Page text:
Lebanese American University

Update: Advancement

American schools in Middle East work together for region’s students

LAU is one of several American schools that focus on the needs of students and societies in the Middle East. Thanks to this status, the university is also intent on telling more people in North 
America about the benefits it provides to its students and to the cause of education throughout the world. In order to accomplish this, LAU also collaborates with similarly-minded institutions, like the American Universities of Beirut and Cairo.

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As part of this effort, Greg Houle, the advancement communications manager in New York, has worked with his counterparts at these other Middle Eastern universities to discuss how to inform more people about what they do. One of the people he works closely with is Morgan Roth, the director of communications for North America at AUC’s New York office.
Roth and her colleagues are enthusiastic at the prospect of working with other American schools abroad. "Our universities are competitive on one level, but at a higher, philosophical level, we are actually partners in the cultivation of globally-conscious citizens with the academic and cultural skills to thrive in an increasingly interconnected world. From a communications standpoint, collaboration extends our reach and amplifies our message among students who can benefit from the unique intercultural education American universities overseas provide."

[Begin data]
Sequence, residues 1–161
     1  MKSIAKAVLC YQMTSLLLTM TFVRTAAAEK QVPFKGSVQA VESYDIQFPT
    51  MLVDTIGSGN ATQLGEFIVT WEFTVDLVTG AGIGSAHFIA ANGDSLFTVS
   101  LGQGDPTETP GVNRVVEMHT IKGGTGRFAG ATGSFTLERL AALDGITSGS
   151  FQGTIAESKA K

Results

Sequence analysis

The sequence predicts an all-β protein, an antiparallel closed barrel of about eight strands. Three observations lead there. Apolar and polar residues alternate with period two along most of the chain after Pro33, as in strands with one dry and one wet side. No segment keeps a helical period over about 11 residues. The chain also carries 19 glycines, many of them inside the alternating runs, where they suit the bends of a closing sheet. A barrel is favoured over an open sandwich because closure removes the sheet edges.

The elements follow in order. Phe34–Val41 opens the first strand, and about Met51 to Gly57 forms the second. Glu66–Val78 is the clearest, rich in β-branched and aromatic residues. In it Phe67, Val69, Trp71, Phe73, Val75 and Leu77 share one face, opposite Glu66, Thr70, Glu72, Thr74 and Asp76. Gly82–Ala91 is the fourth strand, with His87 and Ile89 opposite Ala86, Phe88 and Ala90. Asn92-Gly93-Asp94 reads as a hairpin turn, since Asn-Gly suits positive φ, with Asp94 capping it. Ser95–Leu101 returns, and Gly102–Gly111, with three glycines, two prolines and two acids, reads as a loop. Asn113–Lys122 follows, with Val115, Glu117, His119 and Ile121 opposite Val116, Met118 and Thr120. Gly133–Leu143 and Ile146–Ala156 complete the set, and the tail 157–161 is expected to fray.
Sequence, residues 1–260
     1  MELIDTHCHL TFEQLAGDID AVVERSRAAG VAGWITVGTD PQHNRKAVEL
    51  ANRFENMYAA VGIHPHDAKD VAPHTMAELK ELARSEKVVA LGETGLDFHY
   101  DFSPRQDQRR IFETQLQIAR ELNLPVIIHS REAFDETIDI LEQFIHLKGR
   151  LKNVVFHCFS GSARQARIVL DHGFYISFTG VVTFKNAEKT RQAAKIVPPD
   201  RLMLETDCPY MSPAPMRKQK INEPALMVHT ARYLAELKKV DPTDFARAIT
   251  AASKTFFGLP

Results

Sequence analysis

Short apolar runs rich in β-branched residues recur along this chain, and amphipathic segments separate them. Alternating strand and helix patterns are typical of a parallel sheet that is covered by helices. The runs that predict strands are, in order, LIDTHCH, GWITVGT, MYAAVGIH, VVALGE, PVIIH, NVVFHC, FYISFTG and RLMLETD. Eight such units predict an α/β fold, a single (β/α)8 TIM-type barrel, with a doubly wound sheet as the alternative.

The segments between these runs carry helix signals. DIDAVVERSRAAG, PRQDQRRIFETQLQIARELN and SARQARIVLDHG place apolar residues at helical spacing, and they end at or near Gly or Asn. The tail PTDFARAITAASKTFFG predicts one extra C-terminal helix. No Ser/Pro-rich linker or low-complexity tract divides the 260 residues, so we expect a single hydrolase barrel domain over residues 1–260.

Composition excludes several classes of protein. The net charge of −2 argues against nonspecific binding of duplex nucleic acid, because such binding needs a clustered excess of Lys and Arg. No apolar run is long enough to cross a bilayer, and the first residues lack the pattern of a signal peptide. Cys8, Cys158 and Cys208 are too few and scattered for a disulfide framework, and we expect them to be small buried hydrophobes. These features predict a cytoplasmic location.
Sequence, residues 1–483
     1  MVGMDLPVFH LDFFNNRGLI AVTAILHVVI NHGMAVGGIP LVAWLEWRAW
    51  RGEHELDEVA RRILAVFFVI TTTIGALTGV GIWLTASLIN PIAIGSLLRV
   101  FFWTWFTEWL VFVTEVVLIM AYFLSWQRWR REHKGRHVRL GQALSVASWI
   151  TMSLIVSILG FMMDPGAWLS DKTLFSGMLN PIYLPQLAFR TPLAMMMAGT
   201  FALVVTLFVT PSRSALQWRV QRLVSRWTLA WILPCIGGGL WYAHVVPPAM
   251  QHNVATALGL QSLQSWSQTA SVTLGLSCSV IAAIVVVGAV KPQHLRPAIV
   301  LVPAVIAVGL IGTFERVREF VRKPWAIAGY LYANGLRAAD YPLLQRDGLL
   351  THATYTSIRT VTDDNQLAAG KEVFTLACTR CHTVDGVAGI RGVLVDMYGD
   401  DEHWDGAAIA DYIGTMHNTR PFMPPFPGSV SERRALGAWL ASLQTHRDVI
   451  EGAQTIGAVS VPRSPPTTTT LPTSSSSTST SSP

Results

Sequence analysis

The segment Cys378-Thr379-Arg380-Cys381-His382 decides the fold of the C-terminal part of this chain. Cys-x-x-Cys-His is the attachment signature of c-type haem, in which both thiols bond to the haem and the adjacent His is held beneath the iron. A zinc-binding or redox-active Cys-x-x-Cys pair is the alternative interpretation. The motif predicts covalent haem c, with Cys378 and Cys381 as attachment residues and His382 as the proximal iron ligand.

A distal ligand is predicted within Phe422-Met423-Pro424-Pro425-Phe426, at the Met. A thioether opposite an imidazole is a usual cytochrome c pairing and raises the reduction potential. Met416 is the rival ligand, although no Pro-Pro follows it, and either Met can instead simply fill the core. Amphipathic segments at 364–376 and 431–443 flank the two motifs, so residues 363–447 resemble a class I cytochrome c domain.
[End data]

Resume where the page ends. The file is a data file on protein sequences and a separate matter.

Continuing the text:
The efforts of these universities were already apparent through the success of the Four Presidents’ Tour in 2007, when 

AUB logo standard.jpgthe presidents of American schools in the Middle East went to Washington, DC. There, the presidents, with the help of their staff members in North America, made their case to American policymakers and showed their commitment to an educational approach that relies on inquiry and critical thinking.  The process was repeated again last year when several American university presidents, including the presidents from both LAU and AUC, toured Washington, DC.

And with so many people using social networks to communicate , more colleges and universities are benefiting from sites like Facebook to connect with their current 
and prospective students. As the schools expand their presence online, Houle and his colleagues are also sharing their experiences, while working on better ways to address the concerns of the universities’ growing online communities. Both AUC and LAU launched Facebook and Twitter pages last year, and the two universities work closely to share ideas and insight.


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